Back in 1984, the thought of Apple and IBM cutting a major deal to take on rival tech firms seemed about as likely as a peaceful resolution to that year’s Miners’ Strike.
But happen it has, with the news today that the two have come together to develop enterprise apps and sell the iPhone to businesses looking for the additional security such applications provide.
In a deal which few saw coming, the two giants of the tech world said they’re also plotting more than 100 native apps for the iPhone and iPad.
On top of that, they’re going to offer special Apple Care programmes for businesses, along with access to IBM cloud services and the chance for companies to buy iPhones directly from IBM, replete with beefed-up security.
The deal could not come at a more important time.
Microsoft has just laid out its ideas for improving its enterprise offering, while earlier this month, Google revealed Android Work and plans to use Samsung’s KNOX security software in future devices.
Meanwhile, BlackBerry is looking to turn a corner, but remains in the doldrums after failing to compete with the iPhone since its launch in 2007.
All of which means that the time for Apple and IBM to strike is now.
Companies know that the iPhone remains enduringly popular among staff, while old-school QWERTY BlackBerry phones and creaking Windows Mobile devices aren’t exactly user- friendly.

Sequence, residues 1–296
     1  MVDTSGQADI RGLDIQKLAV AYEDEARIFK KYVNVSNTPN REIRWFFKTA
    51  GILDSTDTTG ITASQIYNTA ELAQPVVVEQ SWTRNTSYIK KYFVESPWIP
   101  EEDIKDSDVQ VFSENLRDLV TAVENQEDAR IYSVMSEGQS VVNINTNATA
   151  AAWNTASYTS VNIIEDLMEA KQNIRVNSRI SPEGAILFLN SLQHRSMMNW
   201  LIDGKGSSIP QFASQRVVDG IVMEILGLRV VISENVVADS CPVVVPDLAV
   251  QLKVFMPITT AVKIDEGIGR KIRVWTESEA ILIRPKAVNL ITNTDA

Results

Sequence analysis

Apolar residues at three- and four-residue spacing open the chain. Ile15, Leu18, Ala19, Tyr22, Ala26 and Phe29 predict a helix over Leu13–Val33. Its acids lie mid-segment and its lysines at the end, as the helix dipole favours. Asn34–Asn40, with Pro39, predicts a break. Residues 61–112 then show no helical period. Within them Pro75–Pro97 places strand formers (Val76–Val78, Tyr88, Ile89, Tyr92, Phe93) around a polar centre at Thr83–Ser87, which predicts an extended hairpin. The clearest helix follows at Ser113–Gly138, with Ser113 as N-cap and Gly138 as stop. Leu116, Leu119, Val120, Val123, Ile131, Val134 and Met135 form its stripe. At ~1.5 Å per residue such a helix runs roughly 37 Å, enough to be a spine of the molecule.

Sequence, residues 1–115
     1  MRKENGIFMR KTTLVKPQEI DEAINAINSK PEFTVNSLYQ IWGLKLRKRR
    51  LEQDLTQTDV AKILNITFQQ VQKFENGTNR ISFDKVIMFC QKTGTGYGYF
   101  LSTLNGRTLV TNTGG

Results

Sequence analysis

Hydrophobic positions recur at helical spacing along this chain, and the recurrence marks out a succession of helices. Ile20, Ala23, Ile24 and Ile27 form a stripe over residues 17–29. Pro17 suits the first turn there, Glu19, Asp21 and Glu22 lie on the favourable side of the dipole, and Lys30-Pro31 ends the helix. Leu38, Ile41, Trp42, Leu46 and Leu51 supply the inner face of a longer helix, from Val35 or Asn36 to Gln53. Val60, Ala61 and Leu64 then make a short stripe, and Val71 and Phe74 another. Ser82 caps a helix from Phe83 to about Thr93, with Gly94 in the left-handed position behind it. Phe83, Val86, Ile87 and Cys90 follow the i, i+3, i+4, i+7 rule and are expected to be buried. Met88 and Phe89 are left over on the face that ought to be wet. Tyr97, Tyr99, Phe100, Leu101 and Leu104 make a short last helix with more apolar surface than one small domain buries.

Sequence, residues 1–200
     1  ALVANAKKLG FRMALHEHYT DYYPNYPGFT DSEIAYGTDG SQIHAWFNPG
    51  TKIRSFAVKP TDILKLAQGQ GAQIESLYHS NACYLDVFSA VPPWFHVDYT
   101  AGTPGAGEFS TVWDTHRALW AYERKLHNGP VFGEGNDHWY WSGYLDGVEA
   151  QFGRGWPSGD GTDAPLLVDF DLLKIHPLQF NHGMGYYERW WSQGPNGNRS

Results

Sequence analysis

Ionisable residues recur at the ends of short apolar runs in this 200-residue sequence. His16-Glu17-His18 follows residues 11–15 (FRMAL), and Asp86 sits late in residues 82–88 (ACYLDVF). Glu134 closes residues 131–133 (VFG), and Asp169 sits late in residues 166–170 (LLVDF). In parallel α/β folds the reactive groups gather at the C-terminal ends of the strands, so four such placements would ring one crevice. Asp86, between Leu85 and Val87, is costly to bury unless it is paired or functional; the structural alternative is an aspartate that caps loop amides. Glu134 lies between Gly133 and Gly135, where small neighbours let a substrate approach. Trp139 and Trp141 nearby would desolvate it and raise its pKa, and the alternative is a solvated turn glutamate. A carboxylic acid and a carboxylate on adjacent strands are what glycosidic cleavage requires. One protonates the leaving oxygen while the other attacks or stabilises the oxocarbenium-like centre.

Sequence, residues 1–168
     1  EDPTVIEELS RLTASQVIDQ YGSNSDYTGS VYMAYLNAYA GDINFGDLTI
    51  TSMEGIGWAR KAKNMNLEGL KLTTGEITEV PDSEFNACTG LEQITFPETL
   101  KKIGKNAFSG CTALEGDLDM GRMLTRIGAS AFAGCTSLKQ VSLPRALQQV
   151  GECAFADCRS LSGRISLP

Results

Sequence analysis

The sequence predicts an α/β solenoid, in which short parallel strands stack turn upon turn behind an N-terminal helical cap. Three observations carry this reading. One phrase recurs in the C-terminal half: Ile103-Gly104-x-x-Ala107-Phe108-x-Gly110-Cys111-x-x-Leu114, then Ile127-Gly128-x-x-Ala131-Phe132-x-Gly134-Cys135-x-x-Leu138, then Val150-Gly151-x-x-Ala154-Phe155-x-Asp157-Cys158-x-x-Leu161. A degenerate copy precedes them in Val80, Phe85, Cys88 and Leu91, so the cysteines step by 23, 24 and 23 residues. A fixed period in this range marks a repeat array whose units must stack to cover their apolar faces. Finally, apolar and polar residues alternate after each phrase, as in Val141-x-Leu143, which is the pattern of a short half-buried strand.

The idea of being able to buy in a job lot of devices and have users access a slew of productivity apps from the off must be hugely appealing.
The deal is sure to worry Google greatly. It knows that Android’s inherent security weaknesses mean that its handsets are nowhere near as appealing to enterprise customers.
Even attempting to fix this now will not change impressions overnight.
The iPhone, by comparison, still has the allure of being run and controlled by Apple.
Throw in IBM's nous and you’ve got a package that many will find appealing.
In the meantime, BlackBerry too will be concerned.
It has made strides to turn its business around, but Apple’s move means companies won’t have to rely so heavily on the Canadian mobile-maker’s rock-solid security.
And that means that it’ll have to work extra hard to convince clients to choose it over more modern, easier-to-use iPhones.
Microsoft might be able to provide some fight, but its Windows Phone platform remains a niche concern.
Only time will tell what Apple and IBM can serve up.
But with the deal set to come into fruition just as the new iPhone 6 is due to hit shelves, you can bet that rivals will be desperate to prove they can make better, more viable alternatives.